Testosterone produces substantial anabolic effects in young and middle-aged hypogonadal men (Bhasin et al 2001
). In contrast, the anabolic effects of testosterone replacement therapy in older men have been harder to demonstrate. Among the many published trials of testosterone in older men, some report strength gains and some do not. Only a few report strength gains that can be considered substantial in comparison to the benefits of resistance exercise training. In most cases, the studies reporting significant strength gains were performed in hypogonadal subjects and employed a higher dose of testosterone, for a longer duration.
In a recent report, Nair et al (2006)
describe treating a group of hypogonadal men for 24 months with a transdermal testosterone at a dose of 35 mg/week and finding no increase in strength. However, 35 mg/week is less than a replacement dose and resulted in only a 30% increase in the circulating testosterone concentration. Studies by Brill et al (2002)
, Clague et al (1999)
, Kenny et al (2001)
, and Snyder et al (1999)
also report small increases in strength. Brill et al treated older men for 1 month with 5 mg testosterone/day by patch and found an improvement in stair climb time, but no increase in strength. Clague et al treated men aged 60 or more with total T of 400 ng/dL or less were treated with 200 mg testosterone enanthate every two weeks by i.m. injection for 3 months and found no significant increase in strength. Kenny et al (2001)
treated hypogonadal and low-normal older men with 5 mg testosterone/day by patch for 1 year and found a 38% increase in strength with testosterone, but surprisingly also a 27% increase with placebo, with no significant difference between the two groups. Snyder et al (1999)
treated older hypogonadal and eugonadal men for 36 months with 6 mg testosterone/day by patch and found no increase in strength.
Several investigators have reported that testosterone caused moderate increases in strength; increases that are significant, but are still below than what can be obtained through resistance exercise training. Wang et al (2000)
treated younger and older men (aged 19–68) with total T of 300 ng/dL or less with a titrated dose of testosterone gel (equivalent of 5 to 10 mg per day) for 6 months found that the higher dose caused, a reduction in negative moods, a sizable increase in hematocrit (from 42 to 47), and modest increases in arm and leg strength. Sullivan et al (2005)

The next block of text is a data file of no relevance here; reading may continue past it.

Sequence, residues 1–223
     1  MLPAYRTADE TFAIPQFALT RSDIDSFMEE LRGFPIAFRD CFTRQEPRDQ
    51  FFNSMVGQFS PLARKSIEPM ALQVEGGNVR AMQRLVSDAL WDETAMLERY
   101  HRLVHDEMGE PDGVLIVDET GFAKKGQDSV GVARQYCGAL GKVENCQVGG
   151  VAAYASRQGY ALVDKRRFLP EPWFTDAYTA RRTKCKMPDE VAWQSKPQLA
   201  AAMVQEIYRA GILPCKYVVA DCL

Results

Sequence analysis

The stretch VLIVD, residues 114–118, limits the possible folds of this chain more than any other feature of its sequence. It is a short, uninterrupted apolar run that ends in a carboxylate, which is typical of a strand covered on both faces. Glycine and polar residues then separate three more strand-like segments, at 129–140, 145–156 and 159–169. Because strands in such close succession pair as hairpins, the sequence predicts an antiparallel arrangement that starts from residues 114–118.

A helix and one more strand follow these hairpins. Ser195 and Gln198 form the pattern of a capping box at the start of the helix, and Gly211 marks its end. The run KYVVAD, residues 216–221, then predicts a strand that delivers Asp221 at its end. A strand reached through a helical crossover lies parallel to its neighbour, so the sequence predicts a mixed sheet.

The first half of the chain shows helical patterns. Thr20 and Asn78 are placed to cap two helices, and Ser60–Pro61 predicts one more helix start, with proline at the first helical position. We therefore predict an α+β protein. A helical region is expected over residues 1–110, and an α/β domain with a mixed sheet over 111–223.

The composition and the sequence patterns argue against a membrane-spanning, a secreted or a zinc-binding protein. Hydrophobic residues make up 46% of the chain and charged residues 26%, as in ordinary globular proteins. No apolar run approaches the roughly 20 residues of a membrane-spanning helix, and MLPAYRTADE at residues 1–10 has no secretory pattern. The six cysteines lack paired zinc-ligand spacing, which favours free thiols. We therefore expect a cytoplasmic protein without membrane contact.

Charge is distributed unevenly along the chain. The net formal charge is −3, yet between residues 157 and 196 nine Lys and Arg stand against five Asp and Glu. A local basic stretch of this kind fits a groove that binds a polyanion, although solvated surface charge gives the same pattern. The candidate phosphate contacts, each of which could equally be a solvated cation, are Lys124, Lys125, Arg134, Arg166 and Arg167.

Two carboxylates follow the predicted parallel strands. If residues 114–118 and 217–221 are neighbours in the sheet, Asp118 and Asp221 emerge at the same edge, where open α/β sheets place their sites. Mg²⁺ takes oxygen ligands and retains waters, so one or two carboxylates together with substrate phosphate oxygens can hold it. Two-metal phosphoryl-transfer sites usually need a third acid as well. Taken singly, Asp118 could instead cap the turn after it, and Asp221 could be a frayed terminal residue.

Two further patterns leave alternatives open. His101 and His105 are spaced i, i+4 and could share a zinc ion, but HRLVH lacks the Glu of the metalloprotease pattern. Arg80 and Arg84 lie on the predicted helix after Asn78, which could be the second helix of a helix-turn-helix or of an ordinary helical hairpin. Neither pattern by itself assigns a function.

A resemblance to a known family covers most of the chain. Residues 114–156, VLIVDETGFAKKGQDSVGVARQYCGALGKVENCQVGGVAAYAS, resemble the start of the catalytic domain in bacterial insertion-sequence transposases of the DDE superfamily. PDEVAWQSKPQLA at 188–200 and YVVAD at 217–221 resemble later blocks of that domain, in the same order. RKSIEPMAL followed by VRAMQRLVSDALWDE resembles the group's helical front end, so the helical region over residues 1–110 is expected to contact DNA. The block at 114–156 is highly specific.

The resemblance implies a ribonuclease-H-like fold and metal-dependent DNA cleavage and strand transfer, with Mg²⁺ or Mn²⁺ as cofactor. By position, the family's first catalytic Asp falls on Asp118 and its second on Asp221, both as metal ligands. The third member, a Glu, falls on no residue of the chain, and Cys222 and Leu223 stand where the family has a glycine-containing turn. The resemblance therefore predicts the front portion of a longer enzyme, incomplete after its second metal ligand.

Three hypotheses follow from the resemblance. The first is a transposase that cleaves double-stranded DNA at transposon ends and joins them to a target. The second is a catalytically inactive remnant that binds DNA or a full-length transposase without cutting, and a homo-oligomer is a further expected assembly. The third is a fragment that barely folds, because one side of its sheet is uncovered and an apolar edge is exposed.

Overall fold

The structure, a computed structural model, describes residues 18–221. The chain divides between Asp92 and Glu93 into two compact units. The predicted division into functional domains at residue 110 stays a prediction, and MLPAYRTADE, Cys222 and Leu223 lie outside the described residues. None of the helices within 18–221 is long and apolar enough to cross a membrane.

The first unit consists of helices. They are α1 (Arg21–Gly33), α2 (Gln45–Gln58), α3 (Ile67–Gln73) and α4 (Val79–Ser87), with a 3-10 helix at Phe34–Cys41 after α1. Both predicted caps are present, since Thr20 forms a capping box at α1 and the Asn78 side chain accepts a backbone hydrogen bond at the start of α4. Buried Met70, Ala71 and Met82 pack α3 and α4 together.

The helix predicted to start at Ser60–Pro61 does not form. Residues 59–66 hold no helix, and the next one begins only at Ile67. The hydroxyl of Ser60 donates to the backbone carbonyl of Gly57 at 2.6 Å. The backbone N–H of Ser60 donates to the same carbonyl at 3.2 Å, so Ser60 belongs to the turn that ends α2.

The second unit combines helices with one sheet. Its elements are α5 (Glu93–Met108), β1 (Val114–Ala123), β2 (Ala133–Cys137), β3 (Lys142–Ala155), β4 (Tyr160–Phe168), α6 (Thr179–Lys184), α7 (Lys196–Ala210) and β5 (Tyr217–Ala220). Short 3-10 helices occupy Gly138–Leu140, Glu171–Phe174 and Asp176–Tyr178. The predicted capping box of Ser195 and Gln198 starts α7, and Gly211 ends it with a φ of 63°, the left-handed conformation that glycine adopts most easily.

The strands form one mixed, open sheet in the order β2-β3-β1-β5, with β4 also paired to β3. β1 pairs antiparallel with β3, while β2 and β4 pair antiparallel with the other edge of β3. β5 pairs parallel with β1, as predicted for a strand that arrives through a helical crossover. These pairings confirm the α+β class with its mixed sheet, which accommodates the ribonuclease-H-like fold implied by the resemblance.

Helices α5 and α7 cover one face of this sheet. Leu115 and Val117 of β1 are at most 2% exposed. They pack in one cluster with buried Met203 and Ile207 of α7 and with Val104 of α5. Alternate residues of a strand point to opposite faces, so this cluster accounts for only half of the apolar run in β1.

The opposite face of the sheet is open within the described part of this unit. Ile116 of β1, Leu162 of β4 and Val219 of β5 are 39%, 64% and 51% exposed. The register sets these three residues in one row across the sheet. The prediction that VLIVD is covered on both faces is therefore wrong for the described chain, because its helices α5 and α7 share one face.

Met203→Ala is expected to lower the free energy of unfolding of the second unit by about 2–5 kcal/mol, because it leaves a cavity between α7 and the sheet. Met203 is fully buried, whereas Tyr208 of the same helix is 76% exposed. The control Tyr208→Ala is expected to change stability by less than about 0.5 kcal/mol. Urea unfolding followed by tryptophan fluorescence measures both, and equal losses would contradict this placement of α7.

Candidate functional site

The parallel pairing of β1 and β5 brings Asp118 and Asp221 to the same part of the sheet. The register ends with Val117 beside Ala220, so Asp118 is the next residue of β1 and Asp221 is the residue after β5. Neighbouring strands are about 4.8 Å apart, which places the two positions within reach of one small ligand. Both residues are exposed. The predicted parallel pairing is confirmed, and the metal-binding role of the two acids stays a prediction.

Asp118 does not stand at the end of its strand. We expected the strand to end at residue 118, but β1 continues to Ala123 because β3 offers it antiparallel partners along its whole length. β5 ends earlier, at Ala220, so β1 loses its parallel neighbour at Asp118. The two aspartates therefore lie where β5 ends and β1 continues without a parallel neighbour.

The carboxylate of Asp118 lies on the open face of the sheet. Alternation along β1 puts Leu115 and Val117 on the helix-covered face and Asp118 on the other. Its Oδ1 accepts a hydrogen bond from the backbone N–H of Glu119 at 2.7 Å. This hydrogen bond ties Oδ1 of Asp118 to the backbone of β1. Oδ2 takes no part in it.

conducted a 3-month study of low- or high-intensity resistance exercise training in men aged 65 or more, who were not hypogonadal (total T = 480 ng/dL or less). Some subjects also received a weekly i.m. injection of 100 mg testosterone enanthate. The addition of testosterone produced a trend toward greater increases overall, but the effect of testosterone appears to be substantial in the low-intensity training group. Considering that few men in the community will perform high-intensity training on their own, these results may indicate usefulness for testosterone therapy.
Three studies have reported substantial strength gains following testosterone treatment and all have employed doses of testosterone that are somewhat higher than replacement doses. Ferrando et al (2002)
treated older hypogonadal and eugonadal men for 6 months with a biweekly injection of testosterone that was titrated to raises circulating testosterone into the normal range and resulted in an approximated doubling of circulating testosterone (from ~300 to ~600 ng/dL). Significant strength increases were observed, including a 15 kg increase in leg extension 1-RM strength. Page et al (2005)
treated a group of older, hypogonadal men for 36 months with biweekly i.m. injections of 200 mg testosterone enanthate and found significant improvements in hand grip strength. However, the study that best demonstrates the dose dependence is that of Bhasin et al (2005)
. Both older and younger men were first made hypogonadal with luprolide and then treated for 5 months with testosterone enanthate at doses ranging from 25 mg to 600 mg/week. Higher doses of testosterone produced large increases in strength, including an increase of 50 kg in leg press 1-RM strength in older men receiving a dose of 300 mg/week. The doses of 300 and 600 mg/week produced a high incidence of adverse effects and a dose of 125 mg/week was considered to be the best trade-off of beneficial and adverse effects.
The dose of testosterone also appears to be critical in determining whether increases in bone mineral density are observed. Snyder et al (1999)
treated older hypogonadal and eugonadal men for 36 months with 6 mg testosterone/day by patch and found that bone mineral density did not increase overall, but did do so in the group with the lowest pretreatment testosterone levels. However, Amory et al (2004)
treated older hypogonadal men for 36 months with biweekly i.m. injections of 200 mg testosterone enanthate and obtained substantial increases in bone mineral density, 3%–4% in the hip and a remarkable 10% in the lumbar spine.